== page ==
Literary fiction is a genre unto its own but not one that tends to have mass appeal. However, some novels from this category do come to the attention of even casual readers. All the Light We Cannot See is one such book.
Authors of literary fiction such as Anthony Doerr rarely spring from dry ground however. Prior to writing a full-length book, their short stories appear in literary magazines and win respected literary awards. Prior to All the Light breaking out, Doerr won approximately 20 literary awards, including 4 O. Henry Prizes, the Barnes & Noble Discover Prize, the Rome Prize, the New York Public Library’s Young Lions Fiction Award, the National Magazine Award for Fiction, 2 Pushcart Prizes, the Pacific Northwest Book Award, 3 Ohioana Book Awards, and the 2010 Story Prize.
A few more examples of my favorite authors of literary fiction are Colson Whitehead (The Underground Railroad and The Nickel Boys), Kali Fajardo-Anstine (Sabrina & Corina), and George Saunders (Civilwarland in Bad Decline and Lincoln in the Bardo), James McBride (Deacon King Kong and The Good Lord Bird), and Elizabeth Strout (Olive Kitteridge). If you read their bios, you'll see that these are more than authors. They are artists.
To call oneself an author of literary fiction with no literary magazine credits or writing awards to one's name is presumptuous and demonstrates a profound lack of industry knowledge.
A book's genre and audience are the starting point for all professional developmental editors.
If we don't know the type of book you want your book to be compared to and the audience you're trying to attract, the value of our feedback is limited. In fact, we may completely miss the mark because we must be educated about the genres our clients write in.
Imagine being on a road trip and pulling into a service station. You show the attendant a map and say, "Am I where I need to be?" or "Am I going in the right direction?" The attendant is going to say, "Well, where are you trying to go?"
Now imagine how they'd respond if you said, "Well, I was hoping you could help me with that. Here, look. These are all the roads I took to get here. Is this a good spot? Or can you tell me if there's a nice spot within a short drive from here?"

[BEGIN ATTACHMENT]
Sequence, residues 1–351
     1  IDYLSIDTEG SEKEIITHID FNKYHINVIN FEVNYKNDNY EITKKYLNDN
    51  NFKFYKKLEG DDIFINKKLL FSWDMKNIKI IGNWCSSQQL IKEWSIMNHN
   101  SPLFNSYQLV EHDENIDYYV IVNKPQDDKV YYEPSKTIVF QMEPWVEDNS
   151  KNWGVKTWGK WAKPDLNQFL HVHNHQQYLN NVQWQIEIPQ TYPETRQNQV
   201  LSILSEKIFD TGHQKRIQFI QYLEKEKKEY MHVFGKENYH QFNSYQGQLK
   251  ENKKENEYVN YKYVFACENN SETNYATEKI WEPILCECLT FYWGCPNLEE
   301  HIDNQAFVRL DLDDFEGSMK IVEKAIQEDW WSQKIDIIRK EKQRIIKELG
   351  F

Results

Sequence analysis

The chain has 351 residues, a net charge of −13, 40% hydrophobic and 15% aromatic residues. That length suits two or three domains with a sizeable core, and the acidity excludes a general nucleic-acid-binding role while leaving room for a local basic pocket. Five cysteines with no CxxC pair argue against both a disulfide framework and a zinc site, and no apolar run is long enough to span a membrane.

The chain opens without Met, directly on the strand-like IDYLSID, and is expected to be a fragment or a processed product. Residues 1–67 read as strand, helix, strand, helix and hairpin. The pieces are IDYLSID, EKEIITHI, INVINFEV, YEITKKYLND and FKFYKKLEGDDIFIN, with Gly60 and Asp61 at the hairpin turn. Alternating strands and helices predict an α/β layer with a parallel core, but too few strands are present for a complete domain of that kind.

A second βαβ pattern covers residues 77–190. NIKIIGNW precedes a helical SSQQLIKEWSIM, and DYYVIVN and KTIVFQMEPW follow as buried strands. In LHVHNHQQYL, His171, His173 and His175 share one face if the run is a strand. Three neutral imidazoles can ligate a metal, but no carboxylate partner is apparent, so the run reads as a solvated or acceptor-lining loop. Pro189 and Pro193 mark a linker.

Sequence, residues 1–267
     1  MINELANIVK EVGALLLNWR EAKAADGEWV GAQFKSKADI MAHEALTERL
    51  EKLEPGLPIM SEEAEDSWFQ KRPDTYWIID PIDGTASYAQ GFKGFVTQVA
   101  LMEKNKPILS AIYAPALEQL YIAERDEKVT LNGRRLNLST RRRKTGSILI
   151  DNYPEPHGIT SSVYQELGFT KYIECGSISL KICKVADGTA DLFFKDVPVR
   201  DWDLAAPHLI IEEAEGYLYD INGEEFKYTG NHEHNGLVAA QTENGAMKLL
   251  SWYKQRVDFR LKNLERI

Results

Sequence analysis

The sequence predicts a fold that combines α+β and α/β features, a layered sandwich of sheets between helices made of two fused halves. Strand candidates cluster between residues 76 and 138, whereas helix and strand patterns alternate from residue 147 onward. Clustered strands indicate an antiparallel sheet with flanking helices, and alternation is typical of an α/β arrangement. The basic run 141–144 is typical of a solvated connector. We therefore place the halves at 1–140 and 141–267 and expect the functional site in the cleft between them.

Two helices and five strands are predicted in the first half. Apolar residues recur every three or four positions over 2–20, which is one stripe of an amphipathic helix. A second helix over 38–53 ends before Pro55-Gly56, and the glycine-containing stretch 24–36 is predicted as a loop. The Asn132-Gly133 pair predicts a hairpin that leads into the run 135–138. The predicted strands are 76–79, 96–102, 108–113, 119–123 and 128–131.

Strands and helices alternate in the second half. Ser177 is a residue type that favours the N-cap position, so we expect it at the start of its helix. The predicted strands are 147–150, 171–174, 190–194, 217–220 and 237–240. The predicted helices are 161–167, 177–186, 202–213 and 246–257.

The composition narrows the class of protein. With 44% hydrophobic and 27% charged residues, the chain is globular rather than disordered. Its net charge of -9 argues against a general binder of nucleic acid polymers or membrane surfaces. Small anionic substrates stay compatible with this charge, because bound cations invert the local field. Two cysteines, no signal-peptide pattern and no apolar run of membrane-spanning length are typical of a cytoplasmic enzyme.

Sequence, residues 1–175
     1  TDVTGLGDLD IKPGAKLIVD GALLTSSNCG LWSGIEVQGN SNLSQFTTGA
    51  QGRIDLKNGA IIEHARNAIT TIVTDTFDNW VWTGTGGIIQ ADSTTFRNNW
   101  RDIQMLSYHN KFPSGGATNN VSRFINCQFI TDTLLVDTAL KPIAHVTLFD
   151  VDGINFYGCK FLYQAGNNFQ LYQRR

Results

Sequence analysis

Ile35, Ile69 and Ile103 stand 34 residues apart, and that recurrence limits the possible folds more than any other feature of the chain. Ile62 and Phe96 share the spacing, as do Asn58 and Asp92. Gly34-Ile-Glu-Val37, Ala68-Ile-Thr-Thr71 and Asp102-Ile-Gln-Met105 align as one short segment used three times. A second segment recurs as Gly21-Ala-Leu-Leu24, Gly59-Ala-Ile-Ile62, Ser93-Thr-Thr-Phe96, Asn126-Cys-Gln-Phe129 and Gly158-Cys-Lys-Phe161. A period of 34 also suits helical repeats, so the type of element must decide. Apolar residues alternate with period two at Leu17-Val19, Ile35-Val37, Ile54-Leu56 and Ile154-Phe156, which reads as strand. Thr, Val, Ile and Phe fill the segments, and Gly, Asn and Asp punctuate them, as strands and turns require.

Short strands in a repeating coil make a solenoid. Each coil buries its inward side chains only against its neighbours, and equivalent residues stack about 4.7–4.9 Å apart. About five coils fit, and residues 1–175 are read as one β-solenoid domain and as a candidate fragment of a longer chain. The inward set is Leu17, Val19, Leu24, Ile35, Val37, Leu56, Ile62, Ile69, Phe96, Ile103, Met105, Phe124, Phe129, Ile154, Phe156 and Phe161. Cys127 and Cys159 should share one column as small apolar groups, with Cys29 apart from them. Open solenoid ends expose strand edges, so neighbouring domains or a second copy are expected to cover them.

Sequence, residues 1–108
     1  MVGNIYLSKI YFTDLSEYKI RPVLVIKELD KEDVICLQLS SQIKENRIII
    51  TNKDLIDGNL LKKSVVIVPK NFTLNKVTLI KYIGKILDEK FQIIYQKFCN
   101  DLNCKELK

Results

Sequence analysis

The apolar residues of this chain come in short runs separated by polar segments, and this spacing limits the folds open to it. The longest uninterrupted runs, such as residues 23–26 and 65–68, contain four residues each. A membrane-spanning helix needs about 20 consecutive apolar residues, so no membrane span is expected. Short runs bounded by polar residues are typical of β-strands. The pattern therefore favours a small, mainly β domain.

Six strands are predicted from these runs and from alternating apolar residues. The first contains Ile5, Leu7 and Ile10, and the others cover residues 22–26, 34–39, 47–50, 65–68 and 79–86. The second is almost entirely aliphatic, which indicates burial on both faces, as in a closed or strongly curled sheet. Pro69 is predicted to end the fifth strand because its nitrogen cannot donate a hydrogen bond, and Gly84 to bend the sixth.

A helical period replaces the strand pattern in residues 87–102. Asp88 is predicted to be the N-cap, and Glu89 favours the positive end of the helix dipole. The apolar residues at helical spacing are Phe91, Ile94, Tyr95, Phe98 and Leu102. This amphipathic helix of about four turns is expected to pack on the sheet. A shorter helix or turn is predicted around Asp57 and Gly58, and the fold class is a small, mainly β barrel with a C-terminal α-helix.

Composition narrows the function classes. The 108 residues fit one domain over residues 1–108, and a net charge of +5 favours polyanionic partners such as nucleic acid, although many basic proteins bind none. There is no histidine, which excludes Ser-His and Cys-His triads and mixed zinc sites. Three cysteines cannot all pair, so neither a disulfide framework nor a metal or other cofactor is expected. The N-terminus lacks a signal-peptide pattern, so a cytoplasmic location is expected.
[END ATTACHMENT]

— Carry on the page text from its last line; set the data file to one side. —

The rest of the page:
It sounds silly when we imagine it as a scene like that, but that is the position editors are in more often than we should be.
If you tell your editor that you don't know where you want your book to go, they may give you feedback that takes your story to a place you don't want it to go. More often than not in cases like this, I must tell clients that a complete rewrite is required before their story can be postioned in a way that will be attractive to literary agents, publishers, and book buyers.
Statments to the effect of "Well, I've already come all this way, done all this work. What is my book closest to?" are not good because taking the easy way out and wedging it into a category is setting yourself up for failure (not to mention demonstrating a lack of respect for your reader's time and financial investment).
Misclassifying your book whether done purposefully or not is pulling a bait and switch.
Ultimately, readers will buy based on how your book is positioned (categorize). Every purchase has expectations attatched. If you fail to satisfy the reader's expectations, they will rate you and your book poorly.
With so much competition, no author can afford to confuse their audience and risk bad reviews. First-time authors least of all. It's your job to understand your audience and the business of books.
Having said all that, there are some writers who truly do not need to fuss about genre, conventions, obligatory scenes, ad tropes--passion project authors. If you've always wanted to write a book and aren't concerned about book sales or reader reviews, your book is what's often referred to among creatives as a passion project. If you're planning to self-publish and not planning to do any marketing or advertising, just have a book for friends and family and your own satisfation, write the book you want to write. Seriously. Do what makes you happy because your book is for you. But if you decide you want to craft a book for profit, one that readers will choose over all the other authors and best selling or award-winning books out there, start with genre.
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The New York Times. "Literary Jackpot, Against the Odds."
r.kv.r.y. quarterly literary journal. "Oranges" by Anthony Doerr.
CI Communication Strategies